I wanted to stand at the feet of my old friend the Duomo and wonder up at her majesty. I wanted to really take my time and feel my feet on the cobblestones in the heart of Firenze. I wanted to see where the day took me. I wanted to sit in my favorite spot and write. I wanted to eat at meal at 4 Lione (Quattro Lione), this pasta that melts in your mouth. A pasta that is so delicious it’s easy to become emotionally attached to it. I wanted to take enough notes and pictures of daily life in Florence that I had more fodder for the web site I do freelance writing for, Trip101. But one of the things I was looking forward to was finding a particular type of work from an artist in an open air market that I failed to purchase for myself the last time I was in Florence.
This sounds like a daunting task, but really, it isn’t that difficult. Let me explain.
I have learned a few things about artists in Florence from a man named Xhovalin Delia. I first discovered Xhovalin in 2001 when I was with a tour group. I had just graduated college and the trip was a boon, meaning I didn’t have to pay for the actual ticket, but I did have to come up with spending money for myself. I scraped together just enough and when I stood in all these fascinating cities, a starving writing who just graduated college, I had the ability to take only pictures and memories. To write impressions and steal stories. (And you bet your ass, to this day I’m still grateful that I had to see Europe through starving eyes like that.)
I liked Xhovalin’s artwork, it was different from all the other art work I’d seen before. When you don’t have a lot of money on a tour, you spend a lot of time on the streets hanging out. Which isn’t as horrible as it sounds. In Europe, the streets are where the artists are plying their trade. I asked him how much he wanted for a small picture, just bigger than a bookmark in size. He told me the price and I continued to look through his work. I was so interested, but so broke. I had to decide if the piece was worth 20 bucks. I mean, it WAS worth it, but could I afford it? I was only halfway through the trip. While I debated my funds and began an internal list of pros and cons of purchasing one small piece, I struck up a conversation with Xhovalin. He isn’t an Italian native, he’s actually from Albania, but he found his muse in the Tuscan landscape. He isn’t just a street artist, he has his own gallery and has had multiple shows all over the world. While the work he sells on the street is all Florence, in his gallery and on-line he sells his abstracts, his surrealism, his intense talented paintings where color meets Florence.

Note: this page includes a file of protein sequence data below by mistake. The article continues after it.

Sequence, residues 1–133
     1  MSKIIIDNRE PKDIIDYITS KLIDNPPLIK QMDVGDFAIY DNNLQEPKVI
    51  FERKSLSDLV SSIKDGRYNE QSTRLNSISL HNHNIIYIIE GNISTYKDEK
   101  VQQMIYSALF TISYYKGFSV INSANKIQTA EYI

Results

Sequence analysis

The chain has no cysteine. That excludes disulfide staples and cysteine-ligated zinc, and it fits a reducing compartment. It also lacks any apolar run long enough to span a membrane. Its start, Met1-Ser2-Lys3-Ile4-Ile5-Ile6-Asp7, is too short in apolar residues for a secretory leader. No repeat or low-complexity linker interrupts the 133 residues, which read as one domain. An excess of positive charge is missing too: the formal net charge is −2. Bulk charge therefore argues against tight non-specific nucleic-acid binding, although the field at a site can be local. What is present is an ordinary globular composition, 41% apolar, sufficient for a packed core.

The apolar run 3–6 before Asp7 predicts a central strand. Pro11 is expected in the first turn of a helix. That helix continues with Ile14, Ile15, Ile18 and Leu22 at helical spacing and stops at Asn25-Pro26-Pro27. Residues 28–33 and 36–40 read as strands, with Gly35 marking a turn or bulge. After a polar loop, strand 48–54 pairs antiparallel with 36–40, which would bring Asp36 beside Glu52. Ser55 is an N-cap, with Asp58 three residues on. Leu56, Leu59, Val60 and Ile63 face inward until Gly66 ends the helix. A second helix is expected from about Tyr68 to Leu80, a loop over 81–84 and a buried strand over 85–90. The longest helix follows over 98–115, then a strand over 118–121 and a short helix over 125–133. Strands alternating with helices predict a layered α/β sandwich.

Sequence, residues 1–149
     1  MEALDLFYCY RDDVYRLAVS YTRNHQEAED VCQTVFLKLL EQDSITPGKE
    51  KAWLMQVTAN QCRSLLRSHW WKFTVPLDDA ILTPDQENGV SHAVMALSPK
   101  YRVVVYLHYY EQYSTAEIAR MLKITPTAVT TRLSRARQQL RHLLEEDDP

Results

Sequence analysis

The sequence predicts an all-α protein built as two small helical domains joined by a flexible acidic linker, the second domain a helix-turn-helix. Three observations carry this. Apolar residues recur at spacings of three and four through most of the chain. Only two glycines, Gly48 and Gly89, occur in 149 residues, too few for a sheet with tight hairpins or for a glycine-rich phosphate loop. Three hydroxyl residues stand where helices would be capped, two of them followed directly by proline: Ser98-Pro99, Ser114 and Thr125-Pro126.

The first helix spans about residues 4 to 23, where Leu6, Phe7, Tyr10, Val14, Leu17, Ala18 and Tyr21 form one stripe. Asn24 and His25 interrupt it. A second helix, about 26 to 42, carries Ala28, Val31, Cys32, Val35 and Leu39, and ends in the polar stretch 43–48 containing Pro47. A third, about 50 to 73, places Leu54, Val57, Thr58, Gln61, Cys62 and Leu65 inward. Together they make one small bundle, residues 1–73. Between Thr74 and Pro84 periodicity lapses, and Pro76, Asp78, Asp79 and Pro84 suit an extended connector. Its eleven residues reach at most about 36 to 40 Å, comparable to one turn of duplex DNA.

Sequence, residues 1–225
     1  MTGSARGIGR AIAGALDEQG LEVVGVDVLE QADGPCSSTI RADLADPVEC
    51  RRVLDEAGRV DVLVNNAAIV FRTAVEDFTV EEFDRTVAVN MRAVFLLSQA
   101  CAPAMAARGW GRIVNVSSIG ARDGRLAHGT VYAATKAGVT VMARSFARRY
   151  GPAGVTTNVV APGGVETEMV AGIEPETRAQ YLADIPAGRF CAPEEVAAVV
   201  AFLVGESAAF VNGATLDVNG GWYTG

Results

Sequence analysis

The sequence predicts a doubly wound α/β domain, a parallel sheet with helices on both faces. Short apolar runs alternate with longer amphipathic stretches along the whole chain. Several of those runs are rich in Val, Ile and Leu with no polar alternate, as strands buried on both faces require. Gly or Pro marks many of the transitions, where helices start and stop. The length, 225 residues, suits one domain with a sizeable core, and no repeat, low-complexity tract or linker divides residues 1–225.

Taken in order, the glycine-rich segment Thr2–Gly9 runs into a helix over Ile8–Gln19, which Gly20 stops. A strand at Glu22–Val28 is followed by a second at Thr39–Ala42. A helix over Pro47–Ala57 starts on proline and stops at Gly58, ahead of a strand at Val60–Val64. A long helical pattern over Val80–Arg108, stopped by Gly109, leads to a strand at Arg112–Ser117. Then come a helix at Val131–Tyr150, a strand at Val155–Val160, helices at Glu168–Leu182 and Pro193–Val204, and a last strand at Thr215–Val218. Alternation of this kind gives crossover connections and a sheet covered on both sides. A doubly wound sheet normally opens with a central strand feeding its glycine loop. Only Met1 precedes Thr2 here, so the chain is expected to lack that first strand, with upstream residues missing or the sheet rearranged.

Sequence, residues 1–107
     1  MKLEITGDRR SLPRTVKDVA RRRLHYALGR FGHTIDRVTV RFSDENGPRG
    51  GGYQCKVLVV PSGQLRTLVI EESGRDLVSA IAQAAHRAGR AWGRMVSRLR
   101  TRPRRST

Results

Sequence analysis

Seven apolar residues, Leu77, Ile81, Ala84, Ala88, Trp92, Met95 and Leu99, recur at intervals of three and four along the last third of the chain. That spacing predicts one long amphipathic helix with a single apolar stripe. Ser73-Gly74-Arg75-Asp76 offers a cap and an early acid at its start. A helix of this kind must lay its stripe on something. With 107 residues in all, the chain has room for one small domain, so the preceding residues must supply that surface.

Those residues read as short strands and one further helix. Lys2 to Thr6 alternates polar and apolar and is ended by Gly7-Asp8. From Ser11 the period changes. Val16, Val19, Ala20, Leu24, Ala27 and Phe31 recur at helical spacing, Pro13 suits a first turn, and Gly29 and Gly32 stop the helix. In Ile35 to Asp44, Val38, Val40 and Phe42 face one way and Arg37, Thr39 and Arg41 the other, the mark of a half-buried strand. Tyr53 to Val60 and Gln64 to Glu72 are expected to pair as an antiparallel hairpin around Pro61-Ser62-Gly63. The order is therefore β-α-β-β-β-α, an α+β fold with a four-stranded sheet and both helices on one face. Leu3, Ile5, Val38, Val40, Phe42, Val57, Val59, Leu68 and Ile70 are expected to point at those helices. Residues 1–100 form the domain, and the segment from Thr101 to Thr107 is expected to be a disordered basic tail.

At this point in my life, I’ve been lucky enough to have wandered the streets of Florence enough to know that Xhovalin’s style is different from everyone elses.
As we talked that day, I told him I had just graduated from college. That I was a starving writer. I told him, as one artist tends to tell another one, of my dreams and what I was trying to do and we bonded over a common language and recognition of each other’s soul.
He gave me the painting then.
And trust me that was not my intent.
I thought perhaps he just wanted this crazy blonde American to stop talking to him, but no…he pulled out his business card. He wrote down his website and email address. (Remember the days when this was a really big deal…16 years ago?)
He told me about his inspiration, how he captured his muse when she soared. We talked about Florence and art and the artists who came before.
I handed over the twenty dollars in the end, from one artist to another and because I truly did appreciate his work. He asked me to choose another painting then as well, from one artists to a writer.
I find Xhovalin in the Piazza in front of Santa Croce church every time I’ve returned. He doesn’t remember me. I don’t know why, when he plys his trade on the streets for Florence, a city that receives 11 million visitors a year. And he himself talks to soooo many crazy blonde tourist. Still, I buy art work from him and tell him I’ve met him before. That a hundred years ago we talked about art in this very spot at dusk. And I tell him I’m still writing and occasionally I click over to his website and check out his world. To silently celebrate the accolades he continues to receive.
This trip I looked for him, but he was not there. His art work was, and one of his fellow artists was looking after his setup, but Xhovalin was nowhere to be found. That’s the thing, the artists in Florence have a usual place they set themselves up. For sixteen years I know that I can head over to the Piazza in front of Santa Croce and find Xhovalin.
This trip, as one of the items on my list was a specific piece of artwork by a woman who I had seen in front of the Pitti Palace, chances were good that she would still be there.
I found her. Found the piece I wanted and without haggle or much of a conversation really, I purchased my art, gave my thanks and pressed the wrapped package to my chest as I walked away.
The painting is primarily of poppies growing in a Tuscan countryside. Only the poppies are spilling over, out of their original encasement.
It’s what Tuscany feels like sometimes, but mostly, it’s what creativity feels like to me.
That you can try to contain it, and sometimes we do, but no matter what, it’s always going to push through the boundaries, push past old standards, push beyond capability and soar. It’s an unexpected badge for me this year, a reminder to continue to allow my own creativity and art to spill over the confines I sometimes, unknowingly, apply to myself.